I’m happy to see most people made it back to the office for the meeting on the 29th! I went ahead and made the assumption that there were a few people still out due to the mass amount of turkey consumed this past week. My cat Little Tom, went a tad crazy over Thanksgiving. He’s super spoiled so we gave him a ton of turkey (or most of the turkey, don’t judge me) but he still managed to break into other various and sundry locations in our kitchen and pillage our stock.
Cats and food aside, this week’s meeting focused on the Construction aspect of the building industry. The biggest chunk of time was spent working on a mini-project which gave light to how those in construction management must juggle time, cost, material, and the client’s happiness. It’s clear from the projects that there are many different solutions to fulfill a client’s wishes and needs: and this is the construction managers job, to produce quality construction in the most economical and timely means possible.
All of the groups made “buildings/structures/things” that fulfilled all the requirements established on the task outline (except for Group 1, which ran into an unfortunate encounter with a hot glue gun company that was going bankrupt and denied previously purchased material, and a banking shortchange that erupted into a lawsuit and furthermore propelled the onset of Occupy ACE, they also had one fewer person than the other teams). Despite the teams’ final product itself, some finished with excess time, excess material, or a sweet profit margin dependent on their project management. Most teams didn’t struggle with the change order given halfway through the activity due to pre-existing design choices, but what if the change order specified that you had to support two cans of soda? Or you had to support the soda in the middle of the floor over the span instead of on the roof? This might have brought up some complete design overhauls. Now I doubt that in real life there are dire structural situations concerning the support of soda, BUT, things like this do come up, and the construction manager has to alter their schedule to reallocate these new design developments.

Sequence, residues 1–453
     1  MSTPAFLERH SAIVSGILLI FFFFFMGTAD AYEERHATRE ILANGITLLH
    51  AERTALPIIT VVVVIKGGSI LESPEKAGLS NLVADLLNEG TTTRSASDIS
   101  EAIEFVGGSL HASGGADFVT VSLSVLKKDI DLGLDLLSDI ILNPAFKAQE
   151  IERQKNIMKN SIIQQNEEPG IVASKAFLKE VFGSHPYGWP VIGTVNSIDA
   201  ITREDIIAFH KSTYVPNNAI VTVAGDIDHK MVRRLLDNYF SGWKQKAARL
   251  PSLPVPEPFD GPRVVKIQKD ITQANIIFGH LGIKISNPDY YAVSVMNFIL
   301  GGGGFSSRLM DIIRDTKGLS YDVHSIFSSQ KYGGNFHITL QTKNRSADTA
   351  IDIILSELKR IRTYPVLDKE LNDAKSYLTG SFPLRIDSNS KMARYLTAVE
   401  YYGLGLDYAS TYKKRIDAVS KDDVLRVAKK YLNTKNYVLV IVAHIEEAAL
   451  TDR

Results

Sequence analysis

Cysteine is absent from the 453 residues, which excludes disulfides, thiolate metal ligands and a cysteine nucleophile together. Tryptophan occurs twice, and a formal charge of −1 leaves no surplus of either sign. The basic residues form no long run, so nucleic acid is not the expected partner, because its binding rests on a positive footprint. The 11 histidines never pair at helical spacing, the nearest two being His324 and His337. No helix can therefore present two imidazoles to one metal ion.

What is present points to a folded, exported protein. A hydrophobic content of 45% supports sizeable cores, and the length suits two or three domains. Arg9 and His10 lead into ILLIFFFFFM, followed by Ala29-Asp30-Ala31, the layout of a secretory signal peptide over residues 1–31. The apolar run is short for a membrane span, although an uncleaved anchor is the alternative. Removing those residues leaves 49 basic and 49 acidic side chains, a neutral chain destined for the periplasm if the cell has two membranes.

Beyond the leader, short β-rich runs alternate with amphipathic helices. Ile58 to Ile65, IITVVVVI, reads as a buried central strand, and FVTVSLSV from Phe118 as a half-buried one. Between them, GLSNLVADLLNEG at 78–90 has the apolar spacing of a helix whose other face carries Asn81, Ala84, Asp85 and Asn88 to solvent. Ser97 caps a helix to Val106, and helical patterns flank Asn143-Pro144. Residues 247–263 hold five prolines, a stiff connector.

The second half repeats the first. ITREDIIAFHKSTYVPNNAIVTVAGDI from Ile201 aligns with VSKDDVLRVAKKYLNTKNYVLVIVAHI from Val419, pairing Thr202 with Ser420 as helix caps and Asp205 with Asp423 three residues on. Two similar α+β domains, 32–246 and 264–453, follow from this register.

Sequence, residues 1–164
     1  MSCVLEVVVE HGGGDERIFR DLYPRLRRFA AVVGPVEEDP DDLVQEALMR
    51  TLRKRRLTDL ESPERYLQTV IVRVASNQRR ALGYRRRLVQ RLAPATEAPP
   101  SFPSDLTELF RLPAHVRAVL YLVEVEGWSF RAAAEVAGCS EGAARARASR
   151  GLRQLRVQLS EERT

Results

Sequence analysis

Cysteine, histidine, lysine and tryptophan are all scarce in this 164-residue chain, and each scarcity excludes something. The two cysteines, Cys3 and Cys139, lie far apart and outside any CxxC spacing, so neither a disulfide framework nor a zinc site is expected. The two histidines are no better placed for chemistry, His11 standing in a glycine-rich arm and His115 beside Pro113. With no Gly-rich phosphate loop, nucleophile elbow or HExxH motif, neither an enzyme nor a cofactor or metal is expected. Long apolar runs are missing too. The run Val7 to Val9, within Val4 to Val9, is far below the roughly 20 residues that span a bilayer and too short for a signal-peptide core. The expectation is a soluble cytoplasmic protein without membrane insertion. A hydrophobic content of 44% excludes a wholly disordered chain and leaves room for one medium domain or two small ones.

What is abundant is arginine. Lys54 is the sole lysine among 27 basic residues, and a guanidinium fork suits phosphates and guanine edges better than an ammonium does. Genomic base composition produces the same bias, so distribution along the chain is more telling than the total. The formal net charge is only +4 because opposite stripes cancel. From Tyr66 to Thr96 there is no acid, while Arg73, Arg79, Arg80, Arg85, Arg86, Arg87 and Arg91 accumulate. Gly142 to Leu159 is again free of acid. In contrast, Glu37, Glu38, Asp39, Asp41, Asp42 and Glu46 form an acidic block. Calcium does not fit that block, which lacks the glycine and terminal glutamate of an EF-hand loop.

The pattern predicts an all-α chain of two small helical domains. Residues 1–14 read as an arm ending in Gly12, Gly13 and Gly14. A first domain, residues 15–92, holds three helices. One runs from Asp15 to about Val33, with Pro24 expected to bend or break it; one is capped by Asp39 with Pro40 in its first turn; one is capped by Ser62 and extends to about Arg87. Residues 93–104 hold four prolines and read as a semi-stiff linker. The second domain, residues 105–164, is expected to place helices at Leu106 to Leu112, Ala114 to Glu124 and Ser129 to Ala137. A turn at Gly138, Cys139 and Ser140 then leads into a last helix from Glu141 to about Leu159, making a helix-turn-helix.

Despite each team’s success or hardship throughout the construction process on Tuesday, the point of the project was to show how difficult it is and how organized you must be to manage a project successfully and end up with a couple extra dollars at the end. As an architect, I can’t give you much detail into the insight of construction management, but if anyone in that field wants to add anything to this blog post, that would be awesome 🙂
Goettsch Partners office @ 224 South Michigan Ave, Floor 17
4:30 – 6:30 on 6 December
Yay, for December! This meeting will cover the last profession encompassed by ACE: Engineering. We’ll have another super-fun activity, and educate you guys a little as to how the practice of engineering fits into the scheme of the building industry. For example, even though I work in architecture now, my first internship was at an engineering firm. Granted, I made a lot of copies, entered numbers in fax machines for days at a time, made blueprints (smelled like ammonia), and punched holes in about a trillion documents, but I also learned a lot about the communication needed between architects and engineers in coordinating building. (I heard a lot of bad words towards architects in that firm). Seven years later I am still using tips and tricks that I learned in that engineering firm, in my job as an architect today. I’m also really good at fixing broken copiers. Hope to see you all next week!